It seems to me that there are fewer equipment managers today than there were 10 years ago. I’m pretty sure of it, and if you’re an equipment manager, that should concern you. So why is that? Is your job at risk?
Since most construction-company presidents and owners come out of the operations side of the business, we would expect them to hire and depend on equipment specialists, that is, equipment managers. That suggests that there would be more equipment manager jobs out there. But at the same time, other bigger factors are at play that cause the overall number of asset managers to decline. Some of those factors would be:
First, a lot of construction businesses have either failed, merged, acquired, or been acquired over the last three years. That reduces many available positions. Second, many construction companies have gone to a more de-centralized organizational structure that puts equipment management under some version of a construction operations group manager. Third, computer and company IT software efficiencies allow equipment managers to be more effective and simply manage more fleet than before. Fourth, companies are outsourcing repairs, maintenance, fueling, transport, and other previously self-performed functions which reduces the number of managers needed. And fifth and finally, companies are de-fleeting and pushing more work to their subcontractors or using more rental equipment.
It’s hard to argue that any of these factors are bad. Putting more decisions into the hands of operational folks may cause companies to become more short-term conscious (which usually is not good), but at the same time, it incentivizes the operating units to become a better stakeholder in the use and ownership of the equipment. It probably doesn’t matter much if equipment management likes it or not, because once senior management decides what direction the enterprise is going, the equipment manager’s job is to support the company’s position to the best of his/her ability.
So to this point, we can probably agree that there are fewer equipment managers than before, and the trend is likely to continue or even accelerate. If you’re an equipment manager, what do you do to be more effective and ensure your job doesn’t go away? Ladies and gentlemen, this is where the rubber meets the road.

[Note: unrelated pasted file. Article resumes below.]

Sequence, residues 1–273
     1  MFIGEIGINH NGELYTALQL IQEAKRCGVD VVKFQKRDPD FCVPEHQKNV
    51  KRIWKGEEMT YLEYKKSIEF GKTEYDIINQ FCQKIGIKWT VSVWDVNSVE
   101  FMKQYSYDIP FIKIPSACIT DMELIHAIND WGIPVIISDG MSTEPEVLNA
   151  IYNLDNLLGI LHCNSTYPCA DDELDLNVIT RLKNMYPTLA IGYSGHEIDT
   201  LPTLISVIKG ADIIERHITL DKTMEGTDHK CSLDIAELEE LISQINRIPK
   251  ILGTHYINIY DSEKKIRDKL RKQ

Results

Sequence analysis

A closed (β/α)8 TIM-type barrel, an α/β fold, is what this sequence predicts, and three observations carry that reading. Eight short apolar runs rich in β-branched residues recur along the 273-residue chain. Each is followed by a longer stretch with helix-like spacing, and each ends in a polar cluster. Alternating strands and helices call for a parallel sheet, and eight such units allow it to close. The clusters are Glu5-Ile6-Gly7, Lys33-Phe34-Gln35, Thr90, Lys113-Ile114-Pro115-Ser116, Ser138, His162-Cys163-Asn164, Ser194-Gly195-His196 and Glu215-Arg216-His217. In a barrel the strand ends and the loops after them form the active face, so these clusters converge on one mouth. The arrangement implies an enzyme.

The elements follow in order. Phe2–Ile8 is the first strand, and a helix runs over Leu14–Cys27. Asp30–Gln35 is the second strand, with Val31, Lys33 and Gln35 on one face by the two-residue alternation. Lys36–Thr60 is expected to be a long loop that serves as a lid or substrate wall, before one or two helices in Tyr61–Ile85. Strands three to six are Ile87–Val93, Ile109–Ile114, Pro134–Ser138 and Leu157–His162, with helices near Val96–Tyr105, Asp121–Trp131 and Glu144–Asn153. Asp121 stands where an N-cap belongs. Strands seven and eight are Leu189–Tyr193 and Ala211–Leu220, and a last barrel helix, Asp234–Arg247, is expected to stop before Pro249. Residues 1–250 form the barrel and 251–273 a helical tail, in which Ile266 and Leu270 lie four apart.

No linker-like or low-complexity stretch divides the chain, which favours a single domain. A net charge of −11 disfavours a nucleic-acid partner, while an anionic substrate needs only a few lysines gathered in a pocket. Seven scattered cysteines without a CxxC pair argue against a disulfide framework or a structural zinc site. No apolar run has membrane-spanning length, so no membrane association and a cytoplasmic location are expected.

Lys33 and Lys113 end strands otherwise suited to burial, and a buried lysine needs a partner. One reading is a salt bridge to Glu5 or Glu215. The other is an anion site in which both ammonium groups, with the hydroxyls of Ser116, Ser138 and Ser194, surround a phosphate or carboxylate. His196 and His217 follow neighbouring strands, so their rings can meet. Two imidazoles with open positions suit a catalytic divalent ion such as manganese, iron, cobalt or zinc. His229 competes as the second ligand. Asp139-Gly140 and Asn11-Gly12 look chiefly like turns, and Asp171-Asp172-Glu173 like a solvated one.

First, have a written job description for your position in your organization. You and your boss should clearly agree on what it is that you do and what constitutes good performance.
Second, know your costs! The manager who knows costs can and will make better improvements than one who shoots from the hip.
Third, extend the equipment life, balance your fleet, and reduce the capital invested. Your owners don’t want to invest any more in equipment than absolutely necessary.
Fourth, prevent failures. Measure and improve downtime…especially unplanned downtime. Operating people want equipment that is reliable.
Fifth, using your job description, measure and manage significant things that aren’t currently being managed well now. For example, actively manage fuel storage better, actively manage transport operations, actively manage your mechanic turnover, actively manage undercarriage and tire wear, etc.
And finally, create reports that allow you to see the improvement. Share those reports with your boss and your company’s senior managers. Don’t just routinely send reports out to everyone; send them with a cover memo that explains why things are better…or worse, and what is being done to deal with the problem.
And if you or your equipment manager can do all this, that position will be essential to the success and profitability of the enterprise. It won’t go away.
Think about it.